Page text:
1989 began the Seventh Generation of the Mercury Cougar and remained in production until 1997 when it was replaced by the eighth and final generation. It was introduced on December 26th of 1988 and had been in development from the second quarter of 1984. The redesign had been a two billion dollar investment for the Mercury Cougar and the tenth-generation Ford Thunderbird.
It was built upon the Ford MN12 platform, specifically designed for the Cougar and Thunderbird, and retained the use of front-engine, rear-wheel-drive configuration. The wheelbase grew by nine inches to 113 inches although its exterior footprint was mostly unchanged. It used an independent suspension all around with a short-long arm wishbone setup in the front. Disc brakes were in the front and drums were at the rear. four-wheel antilock discs were optional, but standard on the Cougar XR7.
Power was from a 3.8-liter, overhead valve V6 engine with a cast-iron block and aluminum head. With the help of multi-point fuel injection, it developed 140 horsepower at 3,800 RPM and 215 foot-pounds at 2,400 RPM. The XR-7 came with a supercharged version of the engine which brought horsepower to 210 bhp at 4,000 RPM and 315 lb-feet of torque. A four-speed overdrive automatic was standard on the Cougar LS, a five-speed manual standard on the XR-7, with a four-speed automatic optional.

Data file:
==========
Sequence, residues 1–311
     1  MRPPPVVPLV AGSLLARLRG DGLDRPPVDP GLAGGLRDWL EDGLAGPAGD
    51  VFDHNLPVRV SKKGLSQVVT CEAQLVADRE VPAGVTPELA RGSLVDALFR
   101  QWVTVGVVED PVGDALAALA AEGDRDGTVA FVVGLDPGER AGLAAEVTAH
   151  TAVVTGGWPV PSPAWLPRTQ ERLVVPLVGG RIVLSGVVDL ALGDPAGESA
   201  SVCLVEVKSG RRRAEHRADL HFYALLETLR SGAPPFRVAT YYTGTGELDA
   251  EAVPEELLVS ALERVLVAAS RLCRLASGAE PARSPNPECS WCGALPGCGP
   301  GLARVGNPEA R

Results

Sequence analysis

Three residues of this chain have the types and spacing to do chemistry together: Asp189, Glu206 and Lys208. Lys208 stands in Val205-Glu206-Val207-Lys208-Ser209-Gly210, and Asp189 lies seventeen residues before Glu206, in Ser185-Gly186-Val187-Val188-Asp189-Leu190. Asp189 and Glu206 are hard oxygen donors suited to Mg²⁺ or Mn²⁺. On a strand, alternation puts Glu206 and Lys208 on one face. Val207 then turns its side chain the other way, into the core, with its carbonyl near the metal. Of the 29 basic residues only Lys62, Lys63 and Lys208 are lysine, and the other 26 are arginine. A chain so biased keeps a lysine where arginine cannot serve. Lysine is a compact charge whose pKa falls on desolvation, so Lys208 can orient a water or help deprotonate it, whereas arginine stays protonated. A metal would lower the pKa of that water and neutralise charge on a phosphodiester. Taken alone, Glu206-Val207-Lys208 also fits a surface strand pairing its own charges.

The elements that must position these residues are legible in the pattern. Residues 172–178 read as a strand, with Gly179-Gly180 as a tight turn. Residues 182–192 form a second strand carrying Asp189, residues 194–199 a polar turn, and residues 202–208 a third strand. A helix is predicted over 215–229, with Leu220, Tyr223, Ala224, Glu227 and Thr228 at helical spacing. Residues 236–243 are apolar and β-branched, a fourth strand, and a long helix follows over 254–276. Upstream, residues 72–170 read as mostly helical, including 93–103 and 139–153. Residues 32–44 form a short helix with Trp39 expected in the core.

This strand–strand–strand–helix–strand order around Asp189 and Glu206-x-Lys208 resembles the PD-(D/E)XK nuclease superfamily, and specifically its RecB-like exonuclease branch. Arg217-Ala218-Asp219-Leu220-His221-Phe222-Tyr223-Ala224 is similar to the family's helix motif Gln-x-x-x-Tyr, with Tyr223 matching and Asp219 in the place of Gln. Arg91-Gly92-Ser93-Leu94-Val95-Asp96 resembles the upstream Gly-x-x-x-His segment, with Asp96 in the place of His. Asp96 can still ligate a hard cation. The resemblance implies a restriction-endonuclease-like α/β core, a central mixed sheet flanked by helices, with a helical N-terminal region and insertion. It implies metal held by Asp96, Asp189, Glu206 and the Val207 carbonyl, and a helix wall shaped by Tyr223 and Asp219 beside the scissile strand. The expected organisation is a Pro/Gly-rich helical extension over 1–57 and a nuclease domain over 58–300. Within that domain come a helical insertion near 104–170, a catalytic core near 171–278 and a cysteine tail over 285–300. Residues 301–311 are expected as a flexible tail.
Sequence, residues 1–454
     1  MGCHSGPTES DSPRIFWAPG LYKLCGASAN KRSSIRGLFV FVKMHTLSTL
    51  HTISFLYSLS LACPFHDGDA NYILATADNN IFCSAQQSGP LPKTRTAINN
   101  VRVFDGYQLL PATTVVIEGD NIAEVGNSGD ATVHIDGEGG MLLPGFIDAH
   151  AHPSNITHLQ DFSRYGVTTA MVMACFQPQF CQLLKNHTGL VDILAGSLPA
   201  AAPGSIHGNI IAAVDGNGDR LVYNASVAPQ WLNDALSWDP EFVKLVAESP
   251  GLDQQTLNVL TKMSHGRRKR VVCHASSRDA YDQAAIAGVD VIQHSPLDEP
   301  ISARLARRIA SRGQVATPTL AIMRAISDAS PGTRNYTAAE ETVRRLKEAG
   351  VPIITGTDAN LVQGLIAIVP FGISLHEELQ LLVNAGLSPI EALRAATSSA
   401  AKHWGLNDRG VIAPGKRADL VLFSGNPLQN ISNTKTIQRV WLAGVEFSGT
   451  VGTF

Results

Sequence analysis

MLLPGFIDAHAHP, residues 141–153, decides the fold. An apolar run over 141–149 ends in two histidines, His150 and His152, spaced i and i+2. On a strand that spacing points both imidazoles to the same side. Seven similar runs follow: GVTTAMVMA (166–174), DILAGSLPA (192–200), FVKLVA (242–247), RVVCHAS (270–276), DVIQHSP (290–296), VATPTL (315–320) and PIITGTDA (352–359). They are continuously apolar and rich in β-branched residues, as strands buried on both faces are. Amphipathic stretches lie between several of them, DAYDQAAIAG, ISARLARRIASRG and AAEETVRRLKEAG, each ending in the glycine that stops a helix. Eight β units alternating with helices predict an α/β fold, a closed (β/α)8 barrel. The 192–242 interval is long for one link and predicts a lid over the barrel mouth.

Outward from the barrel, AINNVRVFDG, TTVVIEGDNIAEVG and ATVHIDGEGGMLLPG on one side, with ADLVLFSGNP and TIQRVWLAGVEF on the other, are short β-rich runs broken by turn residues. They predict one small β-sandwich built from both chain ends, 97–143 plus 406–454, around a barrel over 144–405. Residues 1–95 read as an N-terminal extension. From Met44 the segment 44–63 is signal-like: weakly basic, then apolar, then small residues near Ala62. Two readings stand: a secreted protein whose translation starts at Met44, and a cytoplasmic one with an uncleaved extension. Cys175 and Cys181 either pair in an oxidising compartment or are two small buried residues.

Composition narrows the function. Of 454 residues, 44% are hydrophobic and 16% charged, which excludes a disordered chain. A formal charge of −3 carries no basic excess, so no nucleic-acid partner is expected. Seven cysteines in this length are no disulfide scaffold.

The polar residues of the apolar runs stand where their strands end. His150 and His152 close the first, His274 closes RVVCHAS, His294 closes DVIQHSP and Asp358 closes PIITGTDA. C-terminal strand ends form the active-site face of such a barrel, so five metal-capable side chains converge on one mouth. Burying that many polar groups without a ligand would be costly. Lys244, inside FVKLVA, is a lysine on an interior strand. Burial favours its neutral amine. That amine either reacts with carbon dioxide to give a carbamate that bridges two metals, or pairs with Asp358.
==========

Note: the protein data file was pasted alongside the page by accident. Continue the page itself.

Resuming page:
Since the sixth-generation Mercury Cougar had been successful in the sales department, the 1989 redesign had similar design cues to its predecessor and its styling was largely an evolution, building upon the previous generation's design. The controversial upswept quarter windows of the previous generation did not make it into the seventh generation design, and the wraparound taillamps and headlamps were similar to the Sable. The formal-style roofline of the Cougar was one of the main distinguishable features from its Thunderbird cousin.
Standard equipment included an AM/FM stereo radio, electronic instruments, power windows, power mirrors, tinted glass, and air conditioning. The LS version rode on 15-inch tires while the XR-7 used 16-inch performance tires. Anti-lock braking and four-wheel disc brakes were standard on the XR-7. It also came with a Traction-Lok axle, a handling suspension, analog gauges, and sport seats with power bolsters.
The base LS Coupe had a price of $15,445 and the XR-7 listed for $19,650. Its first year resulted in 92,702 sales, a rather disappointing decrease from the 119,162 examples built the prior year. 104,526 Mercury Cougars had been sold in 1987 and 135,909 in 1986.
1989 would prove to be the most popular and successful year for the seventh generation Cougar. Production continued until 1997 and Mercury tried several styling changes along the way, hoping to increase sales. By 1996, just 38,929 were sold followed by 35,267 in its final year. The eight-generation was introduced for 1999 and sales rebounded to 88,288, but its success was short-lived, as sales slumped to 44,935 the following year. 25,044 were sold in 2001 and a mere 18,321 in its final year.By Daniel Vaughan | Aug 2020